When we finally get there, it’s nothing to see, really. The officer puts up 3 binoculars on a stand and points out to look for the military posts. They are at least 5 km away. The land here is all burnt and barren. 

view to the demilitarized  border zone
This is the DMZ, no man’s land. We listen to some more stories about the Korean war, yes the South Koreans have trespassed into DPRK territory and possibly even dug tunnels to sneak equipment into this country. But the other side tells the story the other way round. Indeed we see a lot of tunnels and the question is: who started digging from what side?

Finally a bit of culture and a walk: we visit the Koryo history museum. These lovely old buildings with traditional roofs and set in a peaceful garden used to be the confusion university in 11th century, a centre of learning and studies. It now houses displays excavations from tombs, Buddhist figures, the remains of pagodas, clay figures and books.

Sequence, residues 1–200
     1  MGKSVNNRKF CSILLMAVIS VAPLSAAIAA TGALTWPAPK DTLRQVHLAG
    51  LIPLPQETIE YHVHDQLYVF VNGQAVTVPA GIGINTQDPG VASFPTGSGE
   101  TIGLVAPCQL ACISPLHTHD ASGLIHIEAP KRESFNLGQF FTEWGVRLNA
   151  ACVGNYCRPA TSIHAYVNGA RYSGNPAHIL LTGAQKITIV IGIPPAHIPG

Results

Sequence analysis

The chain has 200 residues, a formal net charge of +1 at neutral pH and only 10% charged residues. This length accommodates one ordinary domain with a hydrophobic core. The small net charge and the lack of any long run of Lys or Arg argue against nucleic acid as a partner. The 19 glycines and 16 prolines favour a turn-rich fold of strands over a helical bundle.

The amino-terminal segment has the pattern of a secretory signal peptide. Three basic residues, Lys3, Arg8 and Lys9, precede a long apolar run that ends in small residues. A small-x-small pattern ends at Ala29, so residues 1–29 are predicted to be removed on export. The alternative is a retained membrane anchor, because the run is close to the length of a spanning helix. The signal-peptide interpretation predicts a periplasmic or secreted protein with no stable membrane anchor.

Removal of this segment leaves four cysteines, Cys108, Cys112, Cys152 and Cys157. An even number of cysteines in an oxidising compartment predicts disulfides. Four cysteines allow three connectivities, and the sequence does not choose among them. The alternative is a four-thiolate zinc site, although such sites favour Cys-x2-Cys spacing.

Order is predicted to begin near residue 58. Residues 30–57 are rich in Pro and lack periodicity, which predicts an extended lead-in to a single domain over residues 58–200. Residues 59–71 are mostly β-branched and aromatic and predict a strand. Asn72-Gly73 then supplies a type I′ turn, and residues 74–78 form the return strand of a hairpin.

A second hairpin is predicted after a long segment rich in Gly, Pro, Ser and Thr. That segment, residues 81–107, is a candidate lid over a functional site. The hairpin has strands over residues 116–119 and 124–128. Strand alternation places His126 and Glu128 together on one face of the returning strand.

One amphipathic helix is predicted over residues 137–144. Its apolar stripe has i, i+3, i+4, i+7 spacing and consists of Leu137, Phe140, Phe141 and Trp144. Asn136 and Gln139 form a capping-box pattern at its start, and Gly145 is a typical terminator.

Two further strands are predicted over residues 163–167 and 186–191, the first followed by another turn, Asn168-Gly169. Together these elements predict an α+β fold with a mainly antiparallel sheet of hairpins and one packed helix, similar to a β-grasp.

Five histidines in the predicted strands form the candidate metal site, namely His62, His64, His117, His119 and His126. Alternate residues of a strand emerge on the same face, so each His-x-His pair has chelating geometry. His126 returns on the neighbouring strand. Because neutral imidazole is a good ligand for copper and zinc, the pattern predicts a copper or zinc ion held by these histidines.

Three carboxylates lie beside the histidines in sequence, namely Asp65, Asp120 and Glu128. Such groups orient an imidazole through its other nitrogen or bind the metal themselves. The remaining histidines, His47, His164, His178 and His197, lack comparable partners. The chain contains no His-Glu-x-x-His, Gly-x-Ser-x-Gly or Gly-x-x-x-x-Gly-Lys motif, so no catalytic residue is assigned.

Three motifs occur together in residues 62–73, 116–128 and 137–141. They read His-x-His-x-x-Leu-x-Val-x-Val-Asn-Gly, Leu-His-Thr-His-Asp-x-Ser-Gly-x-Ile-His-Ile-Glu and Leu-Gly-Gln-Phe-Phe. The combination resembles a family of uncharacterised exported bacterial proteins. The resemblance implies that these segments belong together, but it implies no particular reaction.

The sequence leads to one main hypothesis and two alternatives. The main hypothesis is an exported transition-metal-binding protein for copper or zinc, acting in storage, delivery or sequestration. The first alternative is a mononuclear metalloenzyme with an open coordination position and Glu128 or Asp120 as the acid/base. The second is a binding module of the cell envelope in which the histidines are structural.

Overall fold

For sunset we drive up a little hill – of course marked by a huge Kim Jong Il statue – and finally get a view over the old town. Small houses with ceramic roofs surrounded by stone walls nestle in a disorganized looking way in the middle of the town.

And, we are allowed to take pictures! To my utter surprise Kim even suggests walking back to our hotel. But as it is, not through the little lanes of the old city but only along the main street.
a lovely view across Kaesong

Our hotel is a real experience: a few traditional houses run along a little creek alongside cobble stoned paths. We have a whole house to ourselves. The floors are laid with tatami mats, the windows and walls set with paper and wood frame.